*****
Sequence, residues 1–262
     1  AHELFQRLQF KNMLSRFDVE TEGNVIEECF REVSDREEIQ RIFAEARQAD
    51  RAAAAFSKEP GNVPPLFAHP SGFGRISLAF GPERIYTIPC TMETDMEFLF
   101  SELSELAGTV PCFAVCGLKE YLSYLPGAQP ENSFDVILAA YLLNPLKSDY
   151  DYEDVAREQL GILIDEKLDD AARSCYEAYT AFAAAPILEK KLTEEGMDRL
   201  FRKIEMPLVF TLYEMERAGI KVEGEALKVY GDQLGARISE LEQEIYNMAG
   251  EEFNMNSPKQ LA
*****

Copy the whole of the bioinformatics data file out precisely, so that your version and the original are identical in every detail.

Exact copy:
Sequence, residues 1–262
     1  AHELFQRLQF KNMLSRFDVE TEGNVIEECF REVSDREEIQ RIFAEARQAD
    51  RAAAAFSKEP GNVPPLFAHP SGFGRISLAF GPERIYTIPC TMETDMEFLF
   101  SELSELAGTV PCFAVCGLKE YLSYLPGAQP ENSFDVILAA YLLNPLKSDY
   151  DYEDVAREQL GILIDEKLDD AARSCYEAYT AFAAAPILEK KLTEEGMDRL
   201  FRKIEMPLVF TLYEMERAGI KVEGEALKVY GDQLGARISE LEQEIYNMAG
   251  EEFNMNSPKQ LA